South of the Border, West of the Sun

Front Cover
Random House, Oct 10, 2011 - Fiction - 192 pages

A moving, thoughtful story of long-lost love and second chances.

Growing up in the suburbs in post-war Japan, it seemed to Hajime that everyone but him had brothers and sisters. His sole companion was Shimamoto, also an only child. Together they spent long afternoons listening to her father's record collection. But when his family moved away, the two lost touch.

Now Hajime is in his thirties. After a decade of drifting, he has found happiness with his loving wife and two daughters, and success running a jazz bar. Then Shimamoto reappears. She is beautiful, intense, enveloped in mystery. Hajime is catapulted into the past, putting at risk all he has in the present.

'Casablanca remade Japanese style...It is dream-like writing, laden with scenes which have the radiance of a poem' The Times

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LibraryThing Review

User Review  - MandaTheStrange - LibraryThing

Although it is a small book, it provoked many feelings and I felt that it was quite different to Murakami's other novels. I usually can relate very much to Murakami's protagonists, however to be ... Read full review

LibraryThing Review

User Review  - modioperandi - LibraryThing

South of the Border, West of the Sun is one of Murakami's better works, if only because it eschews all that is unnecessary. It has long struck me (and as a diehard Murakami fan from a young age, it ... Read full review

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About the author (2011)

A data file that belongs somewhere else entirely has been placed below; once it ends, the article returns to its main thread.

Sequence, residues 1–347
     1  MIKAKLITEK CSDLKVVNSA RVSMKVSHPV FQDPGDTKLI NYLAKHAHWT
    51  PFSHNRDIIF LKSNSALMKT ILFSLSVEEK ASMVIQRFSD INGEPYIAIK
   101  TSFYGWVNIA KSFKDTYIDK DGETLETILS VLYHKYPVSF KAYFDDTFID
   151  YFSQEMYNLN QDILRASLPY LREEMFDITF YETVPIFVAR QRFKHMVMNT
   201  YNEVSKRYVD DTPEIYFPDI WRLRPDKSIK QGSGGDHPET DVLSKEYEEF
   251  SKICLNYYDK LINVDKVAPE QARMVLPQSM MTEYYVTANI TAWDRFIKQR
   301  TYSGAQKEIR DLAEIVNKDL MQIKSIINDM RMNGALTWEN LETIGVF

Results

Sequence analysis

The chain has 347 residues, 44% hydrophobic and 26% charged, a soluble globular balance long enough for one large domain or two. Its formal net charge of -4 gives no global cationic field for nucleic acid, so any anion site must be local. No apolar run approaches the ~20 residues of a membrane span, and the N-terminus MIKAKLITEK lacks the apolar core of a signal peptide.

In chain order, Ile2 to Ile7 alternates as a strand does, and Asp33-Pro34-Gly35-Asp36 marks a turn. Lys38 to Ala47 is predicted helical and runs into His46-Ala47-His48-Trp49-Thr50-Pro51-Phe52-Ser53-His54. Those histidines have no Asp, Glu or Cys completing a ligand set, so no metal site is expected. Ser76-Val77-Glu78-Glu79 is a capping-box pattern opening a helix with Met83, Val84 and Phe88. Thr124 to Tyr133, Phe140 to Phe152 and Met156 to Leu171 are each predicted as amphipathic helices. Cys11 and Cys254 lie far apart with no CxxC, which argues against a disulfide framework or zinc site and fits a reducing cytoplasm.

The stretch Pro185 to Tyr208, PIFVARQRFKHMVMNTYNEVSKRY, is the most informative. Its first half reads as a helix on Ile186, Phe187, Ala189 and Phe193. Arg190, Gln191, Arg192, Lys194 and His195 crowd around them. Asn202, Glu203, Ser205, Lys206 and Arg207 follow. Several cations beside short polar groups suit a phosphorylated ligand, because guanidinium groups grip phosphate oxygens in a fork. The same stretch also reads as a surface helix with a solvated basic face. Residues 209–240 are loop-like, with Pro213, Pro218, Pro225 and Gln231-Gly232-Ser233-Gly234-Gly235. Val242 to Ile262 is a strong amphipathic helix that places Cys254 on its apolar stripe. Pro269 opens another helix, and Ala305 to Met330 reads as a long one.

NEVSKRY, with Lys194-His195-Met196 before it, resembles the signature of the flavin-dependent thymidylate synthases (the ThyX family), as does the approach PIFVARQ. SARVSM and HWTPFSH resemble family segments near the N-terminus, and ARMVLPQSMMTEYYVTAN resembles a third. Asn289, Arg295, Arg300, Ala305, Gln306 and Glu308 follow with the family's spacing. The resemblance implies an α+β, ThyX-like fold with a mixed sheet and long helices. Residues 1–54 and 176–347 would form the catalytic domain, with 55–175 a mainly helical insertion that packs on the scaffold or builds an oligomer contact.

In 1978, Haruki Murakami was 29 and running a jazz bar in downtown Tokyo. One April day, the impulse to write a novel came to him suddenly while watching a baseball game. That first novel, Hear the Wind Sing, won a new writers’ award and was published the following year. More followed, including A Wild Sheep Chase and Hard-Boiled Wonderland and the End of the World, but it was Norwegian Wood, published in 1987, which turned Murakami from a writer into a phenomenon. His books became bestsellers, were translated into many languages, including English, and the door was thrown wide open to Murakami’s unique and addictive fictional universe.

Murakami writes with admirable discipline, producing ten pages a day, after which he runs ten kilometres (he began long-distance running in 1982 and has participated in numerous marathons and races), works on translations, and then reads, listens to records and cooks. His passions colour his non-fiction output, from What I Talk About When I Talk About Running to Absolutely On Music, and they also seep into his novels and short stories, providing quotidian moments in his otherwise freewheeling flights of imaginative inquiry. In works such as The Wind-Up Bird Chronicle, 1Q84 and Men Without Women, his distinctive blend of the mysterious and the everyday, of melancholy and humour, continues to enchant readers, ensuring Murakami’s place as one of the world’s most acclaimed and well-loved writers.

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